Fiction Reviews


(2013) Mitch Benn, Gollancz, £12.99, hrdbk, 255pp, ISBN 978-0-578-13208-5


Mitch Benn came to my attention, and probably to that of many others, for his appearances on Radio 4’s The Now Show where he sings humorous songs. Often these are inspired by items in the current news, but sometimes by one of his great interests – Science Fiction. It is for the latter that he has appeared as a

As the story opens, Mr. and Mrs. Bradbury are having yet another of their eternal arguments, and they argue about everything. They have not yet even agreed on a name for their baby. Meanwhile Lbbp, a Postulator (a kind of scientist) from the planet Fnrr, is on a fieldtrip to the planet Rrth (as they call it) and is hovering nearby in his invisible spaceship, studying the goings on of a small creature. Unfortunately he nudges the wrong button and makes his ship visible, the Bradburies suddenly see it and somewhat excitedly crash their car and then run away terrified. Believing them to have deserted their baby, Lbbp, being a caring and compassionate person, sees no alternative but to take the baby home with him. The authorities back home, unsurprisingly, are hardly happy with him but the Extrapolator (the planet’s greatest artificial intelligence) intervenes and orders that Lbbp must raise the baby, which will be granted full rights of citizenship. Lbbp decides to name her after her home planet – Terra.

We move on eight orbits (about eleven of our years) and Terra is doing well, though obviously aware that she is not the same as her school friends. Her appearance is the most obvious difference as the people of Fnrr have short bodies with long slender limbs, grey skin, and large, domed, hairless heads with black oval eyes (you all know the type). And so we get to see Fnrr from Terra’s eyes, the similarities of normal life (school homework must be done!) but utilising different technologies (such as commuting in your own gravity bubble). Mostly this is day-to-day growing up but then, horror of horrors, the neighbouring and very warlike G’grk tribe decide to invade and enslave the remainder of the planet.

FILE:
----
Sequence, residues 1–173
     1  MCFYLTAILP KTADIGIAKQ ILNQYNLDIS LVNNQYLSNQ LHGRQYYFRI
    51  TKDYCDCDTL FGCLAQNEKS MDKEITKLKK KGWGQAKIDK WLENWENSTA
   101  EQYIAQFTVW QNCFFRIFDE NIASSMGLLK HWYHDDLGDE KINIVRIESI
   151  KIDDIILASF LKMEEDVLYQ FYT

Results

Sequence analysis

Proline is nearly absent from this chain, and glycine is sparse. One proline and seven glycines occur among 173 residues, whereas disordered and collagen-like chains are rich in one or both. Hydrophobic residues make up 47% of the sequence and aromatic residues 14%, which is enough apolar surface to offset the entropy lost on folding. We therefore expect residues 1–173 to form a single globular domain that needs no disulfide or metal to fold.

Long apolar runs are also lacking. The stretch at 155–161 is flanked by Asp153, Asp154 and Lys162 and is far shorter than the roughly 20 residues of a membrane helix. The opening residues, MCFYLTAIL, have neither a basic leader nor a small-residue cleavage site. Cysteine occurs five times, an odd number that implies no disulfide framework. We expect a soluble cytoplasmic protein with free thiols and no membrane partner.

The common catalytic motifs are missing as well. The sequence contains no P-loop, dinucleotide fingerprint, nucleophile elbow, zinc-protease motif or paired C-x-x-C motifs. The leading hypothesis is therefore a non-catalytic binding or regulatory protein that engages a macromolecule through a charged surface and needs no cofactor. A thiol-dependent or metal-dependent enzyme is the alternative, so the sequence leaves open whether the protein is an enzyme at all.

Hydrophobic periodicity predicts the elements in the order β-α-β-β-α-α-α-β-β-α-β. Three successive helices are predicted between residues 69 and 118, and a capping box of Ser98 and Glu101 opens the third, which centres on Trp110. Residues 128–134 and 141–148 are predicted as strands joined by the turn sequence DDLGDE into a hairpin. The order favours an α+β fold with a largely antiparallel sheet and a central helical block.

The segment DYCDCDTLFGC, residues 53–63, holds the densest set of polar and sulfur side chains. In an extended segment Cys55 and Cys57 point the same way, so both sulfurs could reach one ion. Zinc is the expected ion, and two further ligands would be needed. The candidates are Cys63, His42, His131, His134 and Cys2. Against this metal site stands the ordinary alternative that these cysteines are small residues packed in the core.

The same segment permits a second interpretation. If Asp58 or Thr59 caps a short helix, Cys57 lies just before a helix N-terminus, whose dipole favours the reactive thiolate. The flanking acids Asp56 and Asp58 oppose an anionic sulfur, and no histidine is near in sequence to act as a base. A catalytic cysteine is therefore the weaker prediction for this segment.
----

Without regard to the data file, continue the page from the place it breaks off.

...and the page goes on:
Meanwhile, Terra, who is after all human and cannot help but think at least a little differently about some things, has introduced some new concepts to her friends and thus to their society; things such as stories. Although as emotional as any other race, the people of Fnrr are very factual and the idea of, well, making up something that is not true, just for entertainment, had never crossed their minds. And so Lbbp and his colleagues come to the realisation that they have gravely misunderstood humans as much of their understanding was based on the many earth 'histories' they have picked up. They had not realised that these 'histories' were simply stories, though in retrospect they never did make much sense logically (I mean, why is it that Rrth gets invaded so often and by so many gun-toting aliens, and especially always by ones that no-one else has ever come across?). It seems that they will have to rethink all about Rrth and its peoples. He even realises that the Bradburies had not callously abandoned their baby - they were scared witless seeing a real spaceship materialise in front of them. He had in effect kidnapped Terra! She might be different, but having Terra in their society proves to be an advantage when the G’grk invade - the Extrapolator’s job, after all, is to predict the future and protect the people.

I found the story to be very well written and, though aimed at a much younger audience, it was still a satisfying, if simple, read for the older reader. I think that as a child I would have much enjoyed it. Throughout the book there is a constant thread of humour that keeps it light, amusing, and interesting. Much of that humour works simply by illustrating the absurdities of many adult, 'worldly' attitudes. It reminded me of Winnie the Pooh visiting Eyeore when he thought he was out; he knocked on the door and waited for it not to be answered. There was also compassion in the story and we learnt that the people of Fnrr are really very much like humans – we are all just people when it comes down to it, with our individual good points and bad points.

All in all, a good read that I would recommend, especially to the younger reader. And he says he has already written the sequel!

Peter Tyers

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